Out There: How Safe is Too Safe?

For my own sanity, I spend my time online in the quietest corners of the internet, such as groups in which people share photos of fat, happy bears gorging on salmon or discuss the weather patterns over mountains.

It’s calm, everyone is respectful, and there’s not a lot of controversy unless you’re defending salmon. But every paradise has its snakes. And this one came in the form of a ladder, or a series of metal rungs drilled into a rock face that make it easier and safer for climbers.

They are common on some trails, but not in the Catskills. One day this past August, hikers ascending the 3,640-foot peak of Twin Mountain there via Devil’s Path were surprised to find a ladder installed by the state Department of Environmental Conservation.

The DEC installed metal rungs on Twin Mountain to make the climb easier. (Photo by Maria Bedo-Calhoun)

They snapped a photo and put it online. Anyone who has ever posted a Facebook comment about development in Beacon can guess what happened next.

Some hikers favored the ladder; others called it a desecration of the mountain and an insult to those who hike it. Shortly after, someone climbed Twin with cordless power tools and removed most of the rungs. The DEC, citing the vandalism, promptly closed that section of the path for “repairs.” (On Nov. 7 the agency announced it had reopened the path but rerouted it to avoid the need for a ladder.)

I was conflicted by all of this. As someone raised Catholic, my first reaction was: This is my fault, isn’t it?

The regular readers of this column, by which I mean my mom, will recall that in July I wrote about bruising a rib coming down a rock face on Twin Mountain. This was the same rock face where the ladder was installed shortly thereafter.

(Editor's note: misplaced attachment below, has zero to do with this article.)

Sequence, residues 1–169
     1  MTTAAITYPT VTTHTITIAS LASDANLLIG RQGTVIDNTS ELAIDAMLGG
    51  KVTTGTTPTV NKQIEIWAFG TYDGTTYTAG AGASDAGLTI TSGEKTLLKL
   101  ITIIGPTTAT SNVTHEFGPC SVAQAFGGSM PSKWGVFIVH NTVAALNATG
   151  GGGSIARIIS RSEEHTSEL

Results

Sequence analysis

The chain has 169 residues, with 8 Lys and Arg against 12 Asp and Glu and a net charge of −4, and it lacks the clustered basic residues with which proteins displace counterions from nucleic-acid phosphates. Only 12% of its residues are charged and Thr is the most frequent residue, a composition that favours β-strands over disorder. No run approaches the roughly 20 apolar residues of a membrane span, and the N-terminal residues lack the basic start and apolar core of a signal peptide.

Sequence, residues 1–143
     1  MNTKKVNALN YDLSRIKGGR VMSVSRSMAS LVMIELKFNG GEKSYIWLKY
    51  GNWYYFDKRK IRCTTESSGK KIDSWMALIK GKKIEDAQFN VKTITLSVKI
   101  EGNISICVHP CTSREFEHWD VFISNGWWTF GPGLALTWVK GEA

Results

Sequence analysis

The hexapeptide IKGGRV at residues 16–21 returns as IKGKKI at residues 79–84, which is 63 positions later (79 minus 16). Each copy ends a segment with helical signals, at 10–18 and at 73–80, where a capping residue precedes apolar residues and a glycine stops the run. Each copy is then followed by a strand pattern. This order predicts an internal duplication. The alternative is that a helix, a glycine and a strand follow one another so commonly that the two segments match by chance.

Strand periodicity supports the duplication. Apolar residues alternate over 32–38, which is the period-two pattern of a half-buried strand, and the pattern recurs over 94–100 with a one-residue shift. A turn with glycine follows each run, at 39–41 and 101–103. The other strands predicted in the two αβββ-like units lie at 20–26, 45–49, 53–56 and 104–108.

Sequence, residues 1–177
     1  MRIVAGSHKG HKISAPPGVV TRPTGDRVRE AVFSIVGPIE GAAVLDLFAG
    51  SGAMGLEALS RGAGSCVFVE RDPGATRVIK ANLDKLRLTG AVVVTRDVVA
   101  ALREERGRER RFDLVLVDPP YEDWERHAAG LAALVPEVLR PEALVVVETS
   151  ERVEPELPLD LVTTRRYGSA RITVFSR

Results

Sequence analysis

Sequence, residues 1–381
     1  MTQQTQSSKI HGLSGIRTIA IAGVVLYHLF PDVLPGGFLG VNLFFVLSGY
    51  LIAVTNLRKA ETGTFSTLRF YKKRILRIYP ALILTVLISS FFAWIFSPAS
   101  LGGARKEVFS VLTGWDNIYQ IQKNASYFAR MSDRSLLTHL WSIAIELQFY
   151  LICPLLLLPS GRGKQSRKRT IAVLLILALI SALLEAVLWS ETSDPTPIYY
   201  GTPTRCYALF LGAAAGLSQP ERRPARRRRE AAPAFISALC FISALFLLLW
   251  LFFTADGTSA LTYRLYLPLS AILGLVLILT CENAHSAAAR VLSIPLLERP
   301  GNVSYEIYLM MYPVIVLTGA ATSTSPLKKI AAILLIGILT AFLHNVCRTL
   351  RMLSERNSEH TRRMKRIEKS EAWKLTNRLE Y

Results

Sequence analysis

I contacted the DEC to make sure the rungs were not known inside the agency as Brian’s Ladder. They are not, I was assured, although I learned that the rock face I found so difficult wasn’t always so. For years, hikers had been using an exposed tree root to pull themselves up and lower themselves down. But this past spring, the root disappeared. So the ladder was installed to avoid injuries and potential lawsuits by injured hikers who could claim the agency knew the section was dangerous but did nothing.

Certainly as someone who was injured on that rock face, I support adding a ladder, right? Nope. When I slammed into the rock in June, my reaction was not, “They need a ladder here,” but, “Boy, I need to get better at this.” Scrambling and bouldering are not well-developed skills in my tool kit, which that hill made painfully clear.

People don’t climb mountains because it’s easy. The rootless rock face was climbable, especially since a climber of limited skill managed to do it (I fell coming down). Plus, you’re climbing a trail called the Devil’s Path — what do you expect? A ski pull? I’m not a masochist but nothing sharpens the mind like failure.

I’m thankful I was able to struggle on the Devil’s Path before the rungs and the reroute. But it’s hard not to feel disappointed for those who won’t know what they’re missing.

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One thought on “Out There: How Safe is Too Safe?

  1. The Europeans have ladder rungs installed in rock faces on their mountains and don’t seem to be upset about it, so why should we be? I might have eschewed such help on the trails when I was younger, but the older I get, the more I appreciate it.